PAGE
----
Even when he publicly calls for negotiations, the president can't resist making the point that he believes the Soviet Union is vulnerable and can be driven perhaps into collapse. "They're in a more desperate situation than . . . I had assumed they were economically," Reagan told a press conference March 31. "Their great military buildup has . . . left them on a very narrow edge." In last week's Eureka College speech, the closest to a conciliatory tone Reagan has ever taken with the Kremlin, he predicted that the Soviet buildup "in the end . . . will undermine the foundations of the Soviet system."
Perle, who sees Kremlin policy as a straight line moving relentlessly toward world domination, believes it matters little who sits at the top of the Soviet hierarchy. "Between contemporary Soviet history and Catherine the Great is a continuum, and I don't see any evidence that succession will mean an abrupt change," he said in a recent interview.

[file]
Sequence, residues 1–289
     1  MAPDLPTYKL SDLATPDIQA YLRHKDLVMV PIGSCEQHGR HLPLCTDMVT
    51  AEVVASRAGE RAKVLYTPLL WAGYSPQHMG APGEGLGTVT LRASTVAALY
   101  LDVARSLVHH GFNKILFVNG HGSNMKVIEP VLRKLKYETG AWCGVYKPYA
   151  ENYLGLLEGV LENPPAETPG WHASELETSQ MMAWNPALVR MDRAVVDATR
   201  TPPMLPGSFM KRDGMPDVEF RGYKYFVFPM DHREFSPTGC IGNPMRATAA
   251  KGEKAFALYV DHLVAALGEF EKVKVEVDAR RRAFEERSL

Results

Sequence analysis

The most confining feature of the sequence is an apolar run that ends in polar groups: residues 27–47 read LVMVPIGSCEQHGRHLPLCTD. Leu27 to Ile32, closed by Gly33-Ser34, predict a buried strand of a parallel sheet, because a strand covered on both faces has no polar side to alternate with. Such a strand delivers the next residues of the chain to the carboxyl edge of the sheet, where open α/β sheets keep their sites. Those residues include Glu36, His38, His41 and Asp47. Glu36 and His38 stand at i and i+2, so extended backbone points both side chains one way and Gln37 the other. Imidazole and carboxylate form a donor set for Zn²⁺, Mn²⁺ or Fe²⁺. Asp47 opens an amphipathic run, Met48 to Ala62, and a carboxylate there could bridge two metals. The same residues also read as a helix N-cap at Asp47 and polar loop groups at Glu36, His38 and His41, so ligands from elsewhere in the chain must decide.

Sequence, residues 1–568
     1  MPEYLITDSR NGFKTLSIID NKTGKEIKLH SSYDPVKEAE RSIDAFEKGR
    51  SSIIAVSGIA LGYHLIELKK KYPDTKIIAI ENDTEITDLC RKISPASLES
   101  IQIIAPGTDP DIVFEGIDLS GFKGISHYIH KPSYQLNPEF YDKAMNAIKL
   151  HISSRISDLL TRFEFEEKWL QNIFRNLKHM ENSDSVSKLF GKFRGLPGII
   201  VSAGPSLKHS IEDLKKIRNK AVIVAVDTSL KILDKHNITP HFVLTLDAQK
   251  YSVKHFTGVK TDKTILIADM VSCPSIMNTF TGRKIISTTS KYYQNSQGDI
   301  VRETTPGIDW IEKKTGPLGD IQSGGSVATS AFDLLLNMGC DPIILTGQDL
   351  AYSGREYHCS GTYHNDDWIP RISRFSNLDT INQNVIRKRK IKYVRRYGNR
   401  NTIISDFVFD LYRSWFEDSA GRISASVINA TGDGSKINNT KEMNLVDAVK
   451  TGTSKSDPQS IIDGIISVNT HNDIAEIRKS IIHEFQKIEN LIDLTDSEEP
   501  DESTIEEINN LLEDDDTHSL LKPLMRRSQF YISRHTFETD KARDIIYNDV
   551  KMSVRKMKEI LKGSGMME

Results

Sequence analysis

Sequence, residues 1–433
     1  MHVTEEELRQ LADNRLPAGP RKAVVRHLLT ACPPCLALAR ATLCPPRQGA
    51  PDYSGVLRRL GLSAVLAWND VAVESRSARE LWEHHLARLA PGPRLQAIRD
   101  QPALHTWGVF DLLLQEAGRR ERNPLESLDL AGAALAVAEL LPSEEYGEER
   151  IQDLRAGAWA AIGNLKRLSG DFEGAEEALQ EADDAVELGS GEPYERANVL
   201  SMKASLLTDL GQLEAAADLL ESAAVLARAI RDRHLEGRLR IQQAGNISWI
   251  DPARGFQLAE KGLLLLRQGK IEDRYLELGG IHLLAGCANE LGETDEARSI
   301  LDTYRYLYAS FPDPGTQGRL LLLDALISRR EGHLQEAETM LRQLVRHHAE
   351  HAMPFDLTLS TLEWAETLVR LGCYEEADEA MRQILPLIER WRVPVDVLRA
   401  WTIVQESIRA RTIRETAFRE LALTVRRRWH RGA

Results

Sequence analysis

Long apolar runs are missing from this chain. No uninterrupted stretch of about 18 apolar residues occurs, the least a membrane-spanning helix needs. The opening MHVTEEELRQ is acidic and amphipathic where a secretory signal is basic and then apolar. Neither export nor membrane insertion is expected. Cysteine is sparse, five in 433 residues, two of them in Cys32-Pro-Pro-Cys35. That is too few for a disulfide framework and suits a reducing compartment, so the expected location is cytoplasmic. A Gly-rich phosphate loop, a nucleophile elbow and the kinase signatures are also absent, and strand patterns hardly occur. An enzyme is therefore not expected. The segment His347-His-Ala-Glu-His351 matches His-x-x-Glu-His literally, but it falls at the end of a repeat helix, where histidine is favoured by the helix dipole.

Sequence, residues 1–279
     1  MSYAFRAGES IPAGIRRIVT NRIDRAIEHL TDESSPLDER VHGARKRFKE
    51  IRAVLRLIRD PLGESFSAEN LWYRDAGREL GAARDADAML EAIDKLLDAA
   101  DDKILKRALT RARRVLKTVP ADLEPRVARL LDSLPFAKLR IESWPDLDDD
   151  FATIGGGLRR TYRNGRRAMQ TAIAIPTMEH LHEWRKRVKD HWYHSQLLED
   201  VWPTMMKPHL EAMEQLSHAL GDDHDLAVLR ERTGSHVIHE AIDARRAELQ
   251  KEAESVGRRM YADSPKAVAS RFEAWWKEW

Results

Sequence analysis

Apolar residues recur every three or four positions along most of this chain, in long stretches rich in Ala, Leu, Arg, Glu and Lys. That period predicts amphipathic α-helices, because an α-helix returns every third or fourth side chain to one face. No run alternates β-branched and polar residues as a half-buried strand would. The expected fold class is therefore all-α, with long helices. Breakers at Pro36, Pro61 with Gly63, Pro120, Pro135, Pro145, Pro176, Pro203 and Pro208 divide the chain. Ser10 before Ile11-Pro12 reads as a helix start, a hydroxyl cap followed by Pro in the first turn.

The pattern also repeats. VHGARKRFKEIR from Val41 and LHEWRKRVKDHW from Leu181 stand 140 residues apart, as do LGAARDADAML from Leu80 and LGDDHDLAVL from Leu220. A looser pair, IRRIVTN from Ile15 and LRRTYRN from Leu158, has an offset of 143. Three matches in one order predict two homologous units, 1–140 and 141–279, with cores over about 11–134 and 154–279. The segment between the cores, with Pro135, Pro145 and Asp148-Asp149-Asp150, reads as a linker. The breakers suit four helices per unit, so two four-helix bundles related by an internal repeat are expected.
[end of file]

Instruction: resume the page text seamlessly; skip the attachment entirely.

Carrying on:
In Perle's view, the United States should apply the full weight of economic pressure on the Kremlin, denying it badly needed Western technology and trade credits, not to influence the outcome of succession but as realistic response to a foe. "It doesn't make any sense to devote our money to our enemy," he said.
Richard Pipes, chief Soviet expert on the staff of the National Security Council, shares Reagan's view that Moscow is weak, but draws a conclusion much different than Perle's. In recent published interviews, Pipes has suggested that Moscow's crippling economic problems may be the key to convincing the Kremlin's new leaders that the time has come for reforms and for a less adversary--and less expensive--relationship with the West. Unlike Perle, Pipes concludes that it makes a great deal of difference who runs the Soviet Union.
Critics say the indecision and confusion over succession reflects the administration's chronic inability to forge a firm, coherent policy toward the Soviet Union. The same policy-makers who strongly opposed an embargo on U.S. grain sales to the Soviets insist on sanctions on computers and trade credits--sending confusing signals to U.S. allies in Western Europe and to the Soviets themselves.